And McCarthy, as the long-time coach of the Packers, one of the oldest, most storied franchises in North American professional sports, had to engage in politics on a daily basis. It is impossible that McCarthy had ‘zero politics to him.’ Every single day, he had to negotiate his relationship with Ted Thompson, his general manager; his assistant coaches; his players; the media; Packers’ fans. And in his drama with Rodgers, McCarthy was the boss, the coach of the team. But given Rodgers’ stature, it wasn’t cut and dried.
In short, all relationships are power. All relationships are about status. To declare that someone has ‘zero politics to him’ is flat out stupid. Aristotle was right. Glazer is wrong.
February 11, 2019 § Leave a comment
Last week, in writing this piece on white privilege, or white hegemony, I cited David Roediger’s excellent book, The Wages of Whiteness, and in so doing, I linked to the book on Amazon. I spent some time reading the reviews of the book, especially the 1-star ones.
Most of the 1-star reviews are predictable, complaining about how to point out how whiteness was created in the United States is racist against white people, or claim (clearly without actually reading the book) that the book demonizes white people or the working classes. It is hard not to call such responses racist at worst, or ignorant at best.
But one stuck out to me, because the author took a slightly different tack. It is worth quoting the review at length here:
A small but very significant difference in terminology prevented me from getting far with this book. Roediger refers to black persons as “Black” (capitalized) and to white persons as “white” (lowercase) throughout his entire book. This rather meaningful difference in terms is utilized in every single instance that a cursory glance through the text revealed these words appearing either as nouns or adjectives. Thus the white person is consistently devalued in contrast to the black individual, solely by the word used to designate him or her. Since this racial devaluation of the white indiviudal is the premise upon all of what follows is based, why bother to read further? Almost before the introductory sentence, we already have a good sense of the bias inherent in the whole book, a bias which puts the author’s fair reporting of facts or interpretation thereof into serious question. Is it just a stupid joke, or an example of white self-hatred, or both, that Roedinger would write nearly 200 pages making a case about how whites advanced themselves in the workplace by collectively devaluing blacks, while himself using language which consistently devalues whites?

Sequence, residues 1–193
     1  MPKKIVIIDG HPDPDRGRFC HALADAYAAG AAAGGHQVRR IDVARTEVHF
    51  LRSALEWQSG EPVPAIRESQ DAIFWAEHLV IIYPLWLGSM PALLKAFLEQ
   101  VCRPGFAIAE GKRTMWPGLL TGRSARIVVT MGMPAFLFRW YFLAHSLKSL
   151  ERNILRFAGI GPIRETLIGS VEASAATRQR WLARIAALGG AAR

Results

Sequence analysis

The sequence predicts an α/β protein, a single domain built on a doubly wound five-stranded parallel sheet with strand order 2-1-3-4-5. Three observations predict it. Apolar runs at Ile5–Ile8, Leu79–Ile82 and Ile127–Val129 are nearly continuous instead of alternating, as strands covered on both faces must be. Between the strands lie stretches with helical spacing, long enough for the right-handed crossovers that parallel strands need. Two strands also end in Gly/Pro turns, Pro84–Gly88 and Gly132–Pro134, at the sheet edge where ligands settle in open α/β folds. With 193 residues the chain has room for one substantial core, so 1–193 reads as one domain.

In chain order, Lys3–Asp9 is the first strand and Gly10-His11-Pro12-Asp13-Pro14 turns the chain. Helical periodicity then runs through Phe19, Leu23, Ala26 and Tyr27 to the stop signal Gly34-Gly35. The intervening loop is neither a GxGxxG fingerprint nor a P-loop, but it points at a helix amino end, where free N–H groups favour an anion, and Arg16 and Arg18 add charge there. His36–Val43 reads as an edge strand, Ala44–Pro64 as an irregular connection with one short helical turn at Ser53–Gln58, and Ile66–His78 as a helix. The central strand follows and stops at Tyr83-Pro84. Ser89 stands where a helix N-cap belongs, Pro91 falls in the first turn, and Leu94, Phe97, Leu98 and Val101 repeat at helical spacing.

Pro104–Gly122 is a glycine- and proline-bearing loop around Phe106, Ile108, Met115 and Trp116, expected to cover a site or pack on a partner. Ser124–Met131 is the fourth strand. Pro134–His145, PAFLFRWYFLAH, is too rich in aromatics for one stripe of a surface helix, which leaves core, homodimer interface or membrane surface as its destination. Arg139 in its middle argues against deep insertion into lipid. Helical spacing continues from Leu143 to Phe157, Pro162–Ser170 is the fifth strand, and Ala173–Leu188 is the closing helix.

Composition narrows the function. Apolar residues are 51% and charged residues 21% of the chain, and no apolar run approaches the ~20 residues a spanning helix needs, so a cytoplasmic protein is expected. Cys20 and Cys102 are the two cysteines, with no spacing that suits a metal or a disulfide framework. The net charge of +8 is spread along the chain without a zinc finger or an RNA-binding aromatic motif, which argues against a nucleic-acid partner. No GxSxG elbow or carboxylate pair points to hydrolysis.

First, I feel sorry for this reviewer for giving up so early into the book, but I suppose had s/he actually read it, it would’ve led to a different review, one much more predictable. But, ultimately, it is the same kind of review as the more predictable ones. It is just dressed up in fancier language. The fact that the reviewer argues that to capitalize black and not capitalize white devalues white people is an interesting one.
I have also had this question in the classroom, from students of various backgrounds, on the occasions I’ve either assigned the book or excerpts therefrom.
I think, ultimately, while I would be inclined to either capitalize nor, more likely, not capitalize, both, I can see a pretty simple argument for capitalizing black but not white. Black is generally a racial category in the United States. This is both done from the outside, but also from the inside. I don’t really see how, due to white privilege, an African American in the United States could not notice both this hegemony and their own difference from that hegemonic culture and, due to racism, be confronted with the fact that they might not be fully welcome to enjoy the benefits of a cultural hegemony due to the simple fact of skin colour.